ExxonMobil announced last week the completion of an expansion at its lubricants blending facility in Taicang, China, a response to long-term growth that the company foresees in the countrys lubricant market.
The expansion of this facility will allow ExxonMobil to provide its Mobil lubricants to automotive, industrial and marine applications in China, Ashley Alemayehu, media relations manager for the company, told Lube Report Asia. According to ExxonMobils 2016 Energy Outlook, Chinas demand of energy for transportation is expected to rise by about 80 percent by 2040.
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Chinas expanding middle class means more people can afford cars. ExxonMobil expects Chinas passenger car fleet to grow 250 percent to more than 400 million by 2040, she added.
ExxonMobil is also projecting growth in demand for Mobil lubricants for commercial vehicles and industrial sectors. Recently, it launched Mobil Delvac motor oil for light-duty diesel engines, to meet changing needs in Chinas trucking industry.
The Taicang plants expansion makes it one of the largest in ExxonMobils global finished lubricants manufacturing network. The company also expanded its lubricants plant in Tianjin, China, two years ago.
The multi-million dollar expansion of the Tianjin lubricant plant, completed in 2014, increased the plants capacity by nearly 80 percent, enhancing its capability to supply a wide range of lubricants for automotive and industrial applications, said Alemayehu.
ExxonMobil declined to disclose the production capacity of the Taicang plant, but Stephen B. Ames of United States-based SBA Consulting, estimated that the facility can now make around 150,000 metric tons per year of lubricants prior to the expansion. Ames has inferred that the plant opened with capacity of approximately 40,000 t/y in 1997 and subsequently underwent a couple of expansions.
Ames speculated that output from the Taicang plant will be restricted by the type of base stocks delivered there. One thing that ExxonMobil does is use [its] Singapore blend plant to send products into various parts of China, such as synthetics, Ames explained, adding that ExxonMobil only brings API Group I and II base oils to the facility.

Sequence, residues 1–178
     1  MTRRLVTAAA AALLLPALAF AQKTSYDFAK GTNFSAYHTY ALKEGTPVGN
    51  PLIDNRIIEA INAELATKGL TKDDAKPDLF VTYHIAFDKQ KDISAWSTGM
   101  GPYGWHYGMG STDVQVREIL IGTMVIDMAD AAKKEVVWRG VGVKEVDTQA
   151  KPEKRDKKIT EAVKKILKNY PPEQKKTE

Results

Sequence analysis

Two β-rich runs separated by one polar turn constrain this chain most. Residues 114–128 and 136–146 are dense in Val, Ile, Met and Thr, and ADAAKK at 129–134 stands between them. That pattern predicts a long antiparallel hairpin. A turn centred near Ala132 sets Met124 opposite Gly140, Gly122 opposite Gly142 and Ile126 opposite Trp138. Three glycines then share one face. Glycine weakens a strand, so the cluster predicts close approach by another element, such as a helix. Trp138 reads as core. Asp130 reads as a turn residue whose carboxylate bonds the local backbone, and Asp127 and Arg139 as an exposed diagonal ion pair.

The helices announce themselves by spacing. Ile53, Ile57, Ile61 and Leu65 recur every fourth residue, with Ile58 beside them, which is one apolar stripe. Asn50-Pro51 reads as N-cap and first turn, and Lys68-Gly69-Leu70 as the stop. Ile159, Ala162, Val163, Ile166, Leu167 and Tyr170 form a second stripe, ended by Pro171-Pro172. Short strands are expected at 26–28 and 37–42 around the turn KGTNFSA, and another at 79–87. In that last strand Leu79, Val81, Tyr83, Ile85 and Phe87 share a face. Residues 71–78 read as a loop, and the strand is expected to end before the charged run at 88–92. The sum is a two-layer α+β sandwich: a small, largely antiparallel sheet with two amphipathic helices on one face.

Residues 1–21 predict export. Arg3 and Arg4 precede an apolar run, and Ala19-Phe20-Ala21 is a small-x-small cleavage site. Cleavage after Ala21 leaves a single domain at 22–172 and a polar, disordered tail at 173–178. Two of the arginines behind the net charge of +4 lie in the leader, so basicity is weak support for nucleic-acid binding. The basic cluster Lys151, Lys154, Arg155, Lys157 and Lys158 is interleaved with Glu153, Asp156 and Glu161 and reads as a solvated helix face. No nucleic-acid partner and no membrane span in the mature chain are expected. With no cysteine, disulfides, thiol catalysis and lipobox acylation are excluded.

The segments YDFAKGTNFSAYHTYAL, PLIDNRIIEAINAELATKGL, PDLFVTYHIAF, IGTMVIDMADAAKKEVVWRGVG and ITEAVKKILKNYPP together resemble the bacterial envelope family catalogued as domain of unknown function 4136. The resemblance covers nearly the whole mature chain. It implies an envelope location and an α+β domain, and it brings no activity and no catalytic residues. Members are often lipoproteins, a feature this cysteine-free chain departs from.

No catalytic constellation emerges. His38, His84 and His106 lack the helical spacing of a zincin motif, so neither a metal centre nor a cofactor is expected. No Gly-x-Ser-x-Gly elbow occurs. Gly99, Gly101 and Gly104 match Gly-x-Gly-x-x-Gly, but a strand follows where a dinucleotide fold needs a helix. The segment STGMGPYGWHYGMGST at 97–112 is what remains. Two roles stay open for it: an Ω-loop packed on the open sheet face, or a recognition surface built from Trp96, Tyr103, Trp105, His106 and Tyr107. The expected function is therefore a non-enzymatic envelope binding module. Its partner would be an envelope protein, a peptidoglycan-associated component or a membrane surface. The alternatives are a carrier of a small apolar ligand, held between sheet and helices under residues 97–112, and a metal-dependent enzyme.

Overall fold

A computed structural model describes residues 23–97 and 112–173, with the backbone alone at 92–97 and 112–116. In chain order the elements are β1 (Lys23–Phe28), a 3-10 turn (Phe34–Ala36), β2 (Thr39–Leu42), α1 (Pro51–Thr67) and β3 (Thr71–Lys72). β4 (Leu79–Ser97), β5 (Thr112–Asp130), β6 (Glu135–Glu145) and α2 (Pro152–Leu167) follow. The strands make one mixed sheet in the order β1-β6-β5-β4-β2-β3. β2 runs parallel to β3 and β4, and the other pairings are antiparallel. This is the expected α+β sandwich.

Even though lubricant demand in China has been flat in recent years – due to a slowdown in economic growth – market conditions for lubricant products are still favorable for companies like ExxonMobil, said Ames.
China has transitioned quite a bit away from a manufacturing economy more towards a service aspect economy. A lot of the weakness in China is that their industrial output has slowed, but the demand for service-type elements has increased accordingly, and thats why [Chinas economy] is growing at roughly 6.5 percent per year, he said.
Ames believes that the Taicang blend plant expansion could be driven by ExxonMobils plan to supply high-tier lubricant products in China, particularly automotive engine oils, through supply agreements with automakers.
Most [OEMs] are using what they call global platforms: The drivetrain of the cars they are building in China [is the same] as the comparable model would be in their Western or Japanese plants, so they need the same types of lubricants, said Ames. Since most of those OEMs outside of China are tied up with the major international oil companies, then they also would like to have that same type of supplier in China.